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    This is exactly what I mean: Einstein did not succeed in building GR on Machian principles only b/c that would rule out vacuum spacetime like deSitter. And yes, of course you can calculate the geodesics on which test particles move in deSitter spacetime.
     
  11. Sep 23, 2012 #10

    mdl

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    i'll try to simplify my thoughts:

    - space is a link between two points (or objects)
    - time is a link between two events

    if a link between two points wouldn't exist, no information/change could propagate from one point into another - so it must exist. for example there's a link between a tree and an apple on ground, because particles/information can propagate between them.

    but a link between two events doesn't exist or is unnecessary.
    for example link between events "apple is hit by a ball" and "apple falls on ground" doesn't exist. that's why we have developed memory - so that we could create the link.

    that's why i think that time and spacetime can't be physical entities..
     
  12. Sep 24, 2012 #11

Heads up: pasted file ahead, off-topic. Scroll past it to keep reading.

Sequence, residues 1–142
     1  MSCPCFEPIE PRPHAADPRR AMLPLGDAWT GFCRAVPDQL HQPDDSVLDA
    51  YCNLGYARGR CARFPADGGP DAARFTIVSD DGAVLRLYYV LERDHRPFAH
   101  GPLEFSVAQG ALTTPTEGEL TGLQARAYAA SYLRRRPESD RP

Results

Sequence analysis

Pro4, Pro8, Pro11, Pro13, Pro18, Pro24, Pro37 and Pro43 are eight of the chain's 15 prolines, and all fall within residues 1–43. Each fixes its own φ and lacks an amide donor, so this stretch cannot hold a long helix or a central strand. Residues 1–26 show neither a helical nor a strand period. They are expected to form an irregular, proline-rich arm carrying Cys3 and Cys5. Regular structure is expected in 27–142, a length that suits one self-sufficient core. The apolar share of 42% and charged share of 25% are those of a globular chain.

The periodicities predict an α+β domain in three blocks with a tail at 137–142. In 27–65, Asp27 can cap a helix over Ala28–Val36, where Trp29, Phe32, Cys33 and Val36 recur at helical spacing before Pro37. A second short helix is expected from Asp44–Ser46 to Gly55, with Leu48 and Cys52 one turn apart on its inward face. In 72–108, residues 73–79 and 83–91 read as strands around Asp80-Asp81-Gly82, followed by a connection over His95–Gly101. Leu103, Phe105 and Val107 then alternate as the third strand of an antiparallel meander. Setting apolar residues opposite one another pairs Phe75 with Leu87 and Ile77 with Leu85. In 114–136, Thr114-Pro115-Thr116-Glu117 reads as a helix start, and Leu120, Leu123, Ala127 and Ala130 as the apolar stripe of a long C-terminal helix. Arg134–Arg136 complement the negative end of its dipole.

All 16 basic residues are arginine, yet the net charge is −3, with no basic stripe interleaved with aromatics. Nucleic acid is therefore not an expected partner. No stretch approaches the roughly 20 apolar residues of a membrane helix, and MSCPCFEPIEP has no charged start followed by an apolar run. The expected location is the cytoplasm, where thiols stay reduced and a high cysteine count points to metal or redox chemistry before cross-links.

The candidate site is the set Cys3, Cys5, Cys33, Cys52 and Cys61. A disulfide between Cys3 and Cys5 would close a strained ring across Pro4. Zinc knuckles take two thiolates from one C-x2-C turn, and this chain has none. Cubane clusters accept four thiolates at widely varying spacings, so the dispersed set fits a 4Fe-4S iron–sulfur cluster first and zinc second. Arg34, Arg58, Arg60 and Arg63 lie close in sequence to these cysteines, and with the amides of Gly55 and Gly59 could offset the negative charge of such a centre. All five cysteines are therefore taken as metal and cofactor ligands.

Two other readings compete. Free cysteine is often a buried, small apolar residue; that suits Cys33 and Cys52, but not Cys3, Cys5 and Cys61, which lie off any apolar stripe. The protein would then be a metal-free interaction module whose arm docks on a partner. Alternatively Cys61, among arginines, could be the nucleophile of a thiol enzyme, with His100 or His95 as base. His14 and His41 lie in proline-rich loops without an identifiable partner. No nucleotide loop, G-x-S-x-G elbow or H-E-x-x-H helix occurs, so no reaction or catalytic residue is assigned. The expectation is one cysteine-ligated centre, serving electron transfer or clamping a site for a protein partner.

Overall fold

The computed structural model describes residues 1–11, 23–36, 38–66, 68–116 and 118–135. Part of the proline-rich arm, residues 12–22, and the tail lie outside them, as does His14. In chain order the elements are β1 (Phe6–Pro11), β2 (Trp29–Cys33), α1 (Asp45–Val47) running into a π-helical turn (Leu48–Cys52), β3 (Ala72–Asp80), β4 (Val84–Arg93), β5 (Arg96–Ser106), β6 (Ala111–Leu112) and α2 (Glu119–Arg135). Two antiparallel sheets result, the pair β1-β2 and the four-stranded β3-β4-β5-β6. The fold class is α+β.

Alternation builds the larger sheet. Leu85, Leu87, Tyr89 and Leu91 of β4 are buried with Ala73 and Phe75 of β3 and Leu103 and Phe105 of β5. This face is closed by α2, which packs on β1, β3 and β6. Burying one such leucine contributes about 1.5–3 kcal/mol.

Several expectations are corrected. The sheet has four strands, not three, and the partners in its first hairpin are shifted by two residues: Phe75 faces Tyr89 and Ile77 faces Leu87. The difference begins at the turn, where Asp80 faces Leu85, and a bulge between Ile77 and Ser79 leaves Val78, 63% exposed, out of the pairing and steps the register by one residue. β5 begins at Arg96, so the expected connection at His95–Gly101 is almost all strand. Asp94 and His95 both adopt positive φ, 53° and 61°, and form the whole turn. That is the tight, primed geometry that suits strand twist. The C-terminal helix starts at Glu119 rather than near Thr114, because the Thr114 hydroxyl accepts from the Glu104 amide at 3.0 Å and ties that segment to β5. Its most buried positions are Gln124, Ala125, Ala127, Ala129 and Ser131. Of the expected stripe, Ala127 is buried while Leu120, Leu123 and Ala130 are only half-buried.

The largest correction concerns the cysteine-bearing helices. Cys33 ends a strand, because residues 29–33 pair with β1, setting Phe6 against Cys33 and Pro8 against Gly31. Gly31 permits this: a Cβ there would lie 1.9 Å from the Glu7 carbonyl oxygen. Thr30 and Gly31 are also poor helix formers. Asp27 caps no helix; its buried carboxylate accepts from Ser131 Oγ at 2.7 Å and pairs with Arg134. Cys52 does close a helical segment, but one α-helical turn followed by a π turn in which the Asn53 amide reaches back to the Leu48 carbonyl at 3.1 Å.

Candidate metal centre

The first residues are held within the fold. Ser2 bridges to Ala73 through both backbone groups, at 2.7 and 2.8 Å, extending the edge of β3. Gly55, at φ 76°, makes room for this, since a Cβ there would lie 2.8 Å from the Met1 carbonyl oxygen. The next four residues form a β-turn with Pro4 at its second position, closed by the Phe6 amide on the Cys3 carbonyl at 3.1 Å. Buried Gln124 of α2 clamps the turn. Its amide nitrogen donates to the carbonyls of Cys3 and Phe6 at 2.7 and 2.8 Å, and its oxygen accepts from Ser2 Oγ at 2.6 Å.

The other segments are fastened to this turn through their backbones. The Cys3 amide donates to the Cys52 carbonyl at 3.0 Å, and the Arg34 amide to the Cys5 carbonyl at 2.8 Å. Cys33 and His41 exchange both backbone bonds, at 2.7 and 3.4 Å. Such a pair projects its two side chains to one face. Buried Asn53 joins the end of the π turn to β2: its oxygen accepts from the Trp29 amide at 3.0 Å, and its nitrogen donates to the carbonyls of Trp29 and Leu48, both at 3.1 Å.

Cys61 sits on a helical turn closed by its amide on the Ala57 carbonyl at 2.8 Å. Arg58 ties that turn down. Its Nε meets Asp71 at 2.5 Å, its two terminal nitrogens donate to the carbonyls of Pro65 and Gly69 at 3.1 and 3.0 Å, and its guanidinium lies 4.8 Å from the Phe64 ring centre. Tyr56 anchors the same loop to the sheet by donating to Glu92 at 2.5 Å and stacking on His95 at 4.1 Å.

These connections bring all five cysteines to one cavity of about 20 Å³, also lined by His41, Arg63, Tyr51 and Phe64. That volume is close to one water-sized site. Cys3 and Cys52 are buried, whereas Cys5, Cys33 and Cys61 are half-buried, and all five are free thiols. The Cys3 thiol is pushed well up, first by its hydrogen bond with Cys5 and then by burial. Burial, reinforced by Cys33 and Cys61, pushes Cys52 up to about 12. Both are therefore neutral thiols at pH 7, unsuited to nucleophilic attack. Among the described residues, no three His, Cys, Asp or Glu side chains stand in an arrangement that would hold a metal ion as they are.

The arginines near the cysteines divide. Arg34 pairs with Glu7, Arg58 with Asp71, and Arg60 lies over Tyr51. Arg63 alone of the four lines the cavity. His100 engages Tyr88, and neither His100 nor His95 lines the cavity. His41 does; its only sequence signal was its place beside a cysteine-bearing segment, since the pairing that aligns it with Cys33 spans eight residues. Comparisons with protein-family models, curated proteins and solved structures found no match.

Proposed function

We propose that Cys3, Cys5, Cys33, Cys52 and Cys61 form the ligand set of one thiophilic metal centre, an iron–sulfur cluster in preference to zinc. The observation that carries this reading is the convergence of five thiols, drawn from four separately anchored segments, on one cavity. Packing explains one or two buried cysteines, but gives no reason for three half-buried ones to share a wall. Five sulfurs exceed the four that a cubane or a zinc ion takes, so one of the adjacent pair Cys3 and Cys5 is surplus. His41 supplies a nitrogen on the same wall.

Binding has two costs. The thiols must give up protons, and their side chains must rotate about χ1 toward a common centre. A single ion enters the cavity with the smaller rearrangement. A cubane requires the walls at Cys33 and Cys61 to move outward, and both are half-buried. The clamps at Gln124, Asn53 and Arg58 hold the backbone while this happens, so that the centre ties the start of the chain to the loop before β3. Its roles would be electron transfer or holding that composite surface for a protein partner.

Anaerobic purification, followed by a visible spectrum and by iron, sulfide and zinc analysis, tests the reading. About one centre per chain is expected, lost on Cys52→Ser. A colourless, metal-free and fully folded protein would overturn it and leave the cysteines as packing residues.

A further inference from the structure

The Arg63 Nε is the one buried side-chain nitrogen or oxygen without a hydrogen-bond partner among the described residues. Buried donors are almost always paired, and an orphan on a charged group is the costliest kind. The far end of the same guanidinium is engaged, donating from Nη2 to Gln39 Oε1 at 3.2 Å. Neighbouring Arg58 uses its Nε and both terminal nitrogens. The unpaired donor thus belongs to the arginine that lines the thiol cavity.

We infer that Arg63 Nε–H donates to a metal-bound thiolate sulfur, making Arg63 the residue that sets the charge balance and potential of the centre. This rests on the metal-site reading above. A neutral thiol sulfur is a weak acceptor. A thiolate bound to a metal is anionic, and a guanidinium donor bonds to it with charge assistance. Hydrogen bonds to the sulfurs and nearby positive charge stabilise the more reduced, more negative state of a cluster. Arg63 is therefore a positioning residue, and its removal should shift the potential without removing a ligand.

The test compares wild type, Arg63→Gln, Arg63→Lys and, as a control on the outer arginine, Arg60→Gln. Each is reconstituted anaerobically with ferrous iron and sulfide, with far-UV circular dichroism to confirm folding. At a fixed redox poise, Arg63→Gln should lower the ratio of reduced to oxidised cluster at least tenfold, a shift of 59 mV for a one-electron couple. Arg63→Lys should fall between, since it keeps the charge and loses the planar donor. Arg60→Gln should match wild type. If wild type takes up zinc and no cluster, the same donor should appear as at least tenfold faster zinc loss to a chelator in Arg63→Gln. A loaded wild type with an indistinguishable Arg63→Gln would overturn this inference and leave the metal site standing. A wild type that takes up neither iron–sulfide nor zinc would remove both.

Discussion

I could say that the apple was the link.

    I've lost interest. This is like the foggy word games played by old-time philosophers where they would argue endlessly about definitions. Eventually everybody got tired of it and they started using more precise definitions to avoid this sort of thing. Mathematics is nice for that. If you will learn the math, you will get your answer. There are dozens of web sites on special relativity.
     
  13. Sep 24, 2012 #12

    Drakkith

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    I agree. Learning the math or at least the terms used in science and philosophy will go a long way in letting your get your point across clearly MDL. You may also develop a new understanding as you learn.
     
  14. Sep 25, 2012 #13
    Sure seems like in GR space and time are as 'real' [or imaginary, if you wish] as anything else.

    Want to create a particle: accelerate. Want to slow down time.....go faster and or find a deeper gravitational well....to change mass to energy...E=mc

    What to change distance...go faster.....